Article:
Critics have expressed their frustration due to a lack of transparency and the use of personal connections to influence government tenders. Notwithstanding constitutional provisions, the Qatari judiciary is significantly under the influence of the ruling elite (Heritage Foundation 2016). Additionally, most judges are non-Qataris who are hired and dismissed when required, and corruption is a major issue within the system. Nevertheless, the new laws aim to reinforce trust and protect intellectual property. Most importantly, foreign firms may not get favourable ruling in case of a dispute with an agent, for instance, even if the content of the contract are followed.

In summary, this report has covered political, economic, and legal aspects PESTEL related to Qatar. Chick-fil-A will therefore make the decision to expand into the country based on these findings. Notably, the political condition is generally stable, and the current regime is focused on promoting foreign investments. Thus, new laws have been introduced to open up the country for such opportunities. Qatari economy is generally dependent on oil and gas, and the current low global oil prices have affected economic growth negatively. While corporate tax is low, consumers now face rising commodity prices and additional expenses following the removal of subsidies, which have affected their spending power. Legally, Chick-fil-A requires a local agent to comply with the law. Additionally, it must understand myriad potential legal issues associated with property ownership, investments, and residency of foreign workers.

Recommendations

Overall, it is recommended that Chick-fil-A should consider investing in Qatar. The recommendation is based on the following observations:

  • Qatar is politically stable for investment, and the ruling class has focused on attracting foreign investments in the recent past.
  • Although the economic factors have been negatively impacted by the low global oil prices, the country has a low rate of inflation, unemployment, and a comparatively good growth rate.
  • From a legal dimension, Chick-fil-A will have to work with a local agent and legal experts who understand domestic laws of Qatar, particularly in relations with a local agency contract, labor laws, gifts, and taxation.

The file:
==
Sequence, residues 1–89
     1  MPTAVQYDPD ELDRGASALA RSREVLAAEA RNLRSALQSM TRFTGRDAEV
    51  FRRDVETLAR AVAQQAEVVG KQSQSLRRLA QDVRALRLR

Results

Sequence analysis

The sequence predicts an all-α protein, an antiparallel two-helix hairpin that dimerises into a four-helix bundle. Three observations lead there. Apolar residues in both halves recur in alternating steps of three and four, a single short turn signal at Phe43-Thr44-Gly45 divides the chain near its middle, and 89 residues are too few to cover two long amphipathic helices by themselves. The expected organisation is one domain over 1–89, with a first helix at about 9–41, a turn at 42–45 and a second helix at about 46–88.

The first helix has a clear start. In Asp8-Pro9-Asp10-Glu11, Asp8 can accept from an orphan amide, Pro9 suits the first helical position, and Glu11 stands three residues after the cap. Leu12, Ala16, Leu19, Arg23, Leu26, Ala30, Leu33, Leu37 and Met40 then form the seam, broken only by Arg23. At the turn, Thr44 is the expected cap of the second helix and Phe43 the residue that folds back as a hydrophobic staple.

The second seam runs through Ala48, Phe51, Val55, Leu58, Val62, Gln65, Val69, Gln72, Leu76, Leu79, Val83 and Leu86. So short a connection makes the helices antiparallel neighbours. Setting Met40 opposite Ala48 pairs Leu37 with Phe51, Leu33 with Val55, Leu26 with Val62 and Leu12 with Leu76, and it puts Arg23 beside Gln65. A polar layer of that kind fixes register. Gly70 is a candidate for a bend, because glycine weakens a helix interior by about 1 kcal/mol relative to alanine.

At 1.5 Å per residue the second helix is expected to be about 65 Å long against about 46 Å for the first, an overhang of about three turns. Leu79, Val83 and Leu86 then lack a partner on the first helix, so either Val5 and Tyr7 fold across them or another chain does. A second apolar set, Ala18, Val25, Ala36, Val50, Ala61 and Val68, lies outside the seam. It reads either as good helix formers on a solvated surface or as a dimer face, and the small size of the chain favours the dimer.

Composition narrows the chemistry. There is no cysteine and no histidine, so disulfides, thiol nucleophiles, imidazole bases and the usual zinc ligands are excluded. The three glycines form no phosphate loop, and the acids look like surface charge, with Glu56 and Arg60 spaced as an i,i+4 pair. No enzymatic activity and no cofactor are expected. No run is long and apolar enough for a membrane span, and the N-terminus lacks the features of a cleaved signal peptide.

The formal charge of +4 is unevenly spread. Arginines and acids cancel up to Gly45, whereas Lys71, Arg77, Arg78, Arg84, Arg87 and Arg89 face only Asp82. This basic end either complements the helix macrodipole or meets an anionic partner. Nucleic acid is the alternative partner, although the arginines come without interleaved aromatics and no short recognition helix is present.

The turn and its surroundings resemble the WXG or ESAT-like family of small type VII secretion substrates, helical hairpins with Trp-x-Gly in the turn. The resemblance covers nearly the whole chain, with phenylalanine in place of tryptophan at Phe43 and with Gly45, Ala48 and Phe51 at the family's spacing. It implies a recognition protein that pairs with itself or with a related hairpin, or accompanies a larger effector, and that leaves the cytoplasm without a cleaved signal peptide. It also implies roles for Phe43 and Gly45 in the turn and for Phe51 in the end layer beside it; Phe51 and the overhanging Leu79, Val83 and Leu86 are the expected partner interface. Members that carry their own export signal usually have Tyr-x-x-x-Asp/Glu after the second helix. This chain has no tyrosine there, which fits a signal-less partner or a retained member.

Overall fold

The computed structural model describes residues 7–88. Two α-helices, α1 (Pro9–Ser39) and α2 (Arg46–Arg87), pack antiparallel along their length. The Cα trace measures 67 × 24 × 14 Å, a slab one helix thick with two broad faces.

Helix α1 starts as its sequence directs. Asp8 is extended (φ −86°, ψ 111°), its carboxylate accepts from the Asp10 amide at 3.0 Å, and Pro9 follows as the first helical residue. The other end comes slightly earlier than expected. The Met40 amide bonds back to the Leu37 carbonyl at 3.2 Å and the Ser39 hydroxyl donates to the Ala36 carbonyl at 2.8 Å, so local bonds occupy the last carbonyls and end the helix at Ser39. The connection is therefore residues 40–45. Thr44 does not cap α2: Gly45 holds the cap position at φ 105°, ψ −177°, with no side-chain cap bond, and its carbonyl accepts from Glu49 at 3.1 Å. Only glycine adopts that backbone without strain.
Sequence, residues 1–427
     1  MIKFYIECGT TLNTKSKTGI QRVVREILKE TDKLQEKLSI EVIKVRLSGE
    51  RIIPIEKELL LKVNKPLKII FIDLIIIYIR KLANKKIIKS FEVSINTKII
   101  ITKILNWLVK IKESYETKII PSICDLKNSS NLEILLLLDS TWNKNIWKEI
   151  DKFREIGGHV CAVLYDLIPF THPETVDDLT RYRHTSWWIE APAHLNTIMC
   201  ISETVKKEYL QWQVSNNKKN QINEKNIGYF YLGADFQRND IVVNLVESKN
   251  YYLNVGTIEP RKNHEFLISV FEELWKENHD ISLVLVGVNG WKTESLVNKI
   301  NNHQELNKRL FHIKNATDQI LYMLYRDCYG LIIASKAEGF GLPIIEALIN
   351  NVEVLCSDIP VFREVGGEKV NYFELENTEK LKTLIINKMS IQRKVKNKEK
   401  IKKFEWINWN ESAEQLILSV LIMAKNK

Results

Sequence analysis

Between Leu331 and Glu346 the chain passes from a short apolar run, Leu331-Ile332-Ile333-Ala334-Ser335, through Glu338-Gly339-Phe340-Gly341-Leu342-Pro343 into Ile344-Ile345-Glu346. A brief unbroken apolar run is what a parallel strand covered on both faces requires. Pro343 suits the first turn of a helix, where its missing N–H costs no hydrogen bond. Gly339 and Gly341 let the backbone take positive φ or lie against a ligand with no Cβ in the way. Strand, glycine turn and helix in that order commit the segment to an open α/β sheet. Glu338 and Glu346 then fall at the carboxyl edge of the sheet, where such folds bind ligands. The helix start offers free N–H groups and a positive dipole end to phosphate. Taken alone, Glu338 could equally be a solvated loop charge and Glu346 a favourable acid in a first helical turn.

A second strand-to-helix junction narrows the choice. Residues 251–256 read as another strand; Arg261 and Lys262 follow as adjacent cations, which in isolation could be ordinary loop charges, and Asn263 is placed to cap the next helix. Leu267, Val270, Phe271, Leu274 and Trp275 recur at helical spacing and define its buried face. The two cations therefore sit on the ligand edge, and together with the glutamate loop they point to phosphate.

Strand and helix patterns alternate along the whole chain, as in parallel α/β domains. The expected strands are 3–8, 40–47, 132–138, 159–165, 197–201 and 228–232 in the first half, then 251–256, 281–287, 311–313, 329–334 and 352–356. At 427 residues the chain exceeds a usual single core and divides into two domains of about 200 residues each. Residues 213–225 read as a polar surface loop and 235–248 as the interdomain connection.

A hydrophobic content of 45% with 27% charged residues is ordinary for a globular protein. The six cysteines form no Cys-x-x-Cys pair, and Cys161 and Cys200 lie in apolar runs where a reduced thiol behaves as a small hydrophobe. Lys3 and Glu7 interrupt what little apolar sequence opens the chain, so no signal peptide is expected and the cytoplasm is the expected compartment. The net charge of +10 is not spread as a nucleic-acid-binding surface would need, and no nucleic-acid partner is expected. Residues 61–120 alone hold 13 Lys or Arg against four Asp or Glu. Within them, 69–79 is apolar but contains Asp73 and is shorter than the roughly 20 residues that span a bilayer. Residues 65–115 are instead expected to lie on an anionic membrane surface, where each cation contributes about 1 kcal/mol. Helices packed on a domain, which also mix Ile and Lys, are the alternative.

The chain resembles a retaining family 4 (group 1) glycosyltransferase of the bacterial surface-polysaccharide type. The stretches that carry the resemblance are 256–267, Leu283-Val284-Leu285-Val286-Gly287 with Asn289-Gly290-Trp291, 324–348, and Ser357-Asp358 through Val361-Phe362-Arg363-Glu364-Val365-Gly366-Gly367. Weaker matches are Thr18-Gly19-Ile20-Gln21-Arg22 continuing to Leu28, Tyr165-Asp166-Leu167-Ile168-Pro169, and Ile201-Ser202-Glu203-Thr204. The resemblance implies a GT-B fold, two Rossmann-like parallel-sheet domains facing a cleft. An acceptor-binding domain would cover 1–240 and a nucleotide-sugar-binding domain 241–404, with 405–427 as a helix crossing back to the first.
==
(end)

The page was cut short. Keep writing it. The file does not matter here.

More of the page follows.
Nonetheless, Chick-fil-A must understand the impending changes in the tax regime, monetary policies, gifts, and new developments under economic factors brought about by the globally oil prices.

Reference List

Barber, SM 2012, Qatar law Q&A: Property law overview. Web.

Chick-fil-A, Inc. 2017, About: History. Web.

Expat Focus n.d., Qatar – Taxation. Web.

Heritage Foundation, 2016, 2016 index of economic freedom: Qatar. Web.

John, P 2013, ‘Qatar’s food industry ‘to grow fastest in GCC‘, Gulf Times. Web.

Khatri, SS, 2017, ‘IMF: new sin taxes in Qatar to fuel growth this year’, Doha News. Web.

Ministry of Development Planning and Statistics, 2016, Qatar economic outlook 2016-2018, General Secretariat for Development Planning, Doha, Qatar.

Oxford Business Group 2017, Qatar’s legal framework governs company ownership and registration. Web.

Peterson, H 2016, ‘Why Chick-fil-A is beating every other fast-food chain in the US‘, Business Insider. Web.

PwC & HSBC 2013, Doing business in Qatar. Web.

PwC 2016, Doing business in Qatar: a tax and legal guide. Web.

Rastogi, N & Trivedi, MK 2016, ‘PESTLE technique – a tool to identify external risks in construction projects construction projects’, International Research Journal of Engineering and Technology, vol. 3, no. 1, pp. 384-388.

Toumi, H n.d., Qatar to allow 100% foreign ownership in some sectors. Web.

Townsend, S 2016, ‘Qatar passes law approving 100% foreign investment‘, Arabian Business. Web.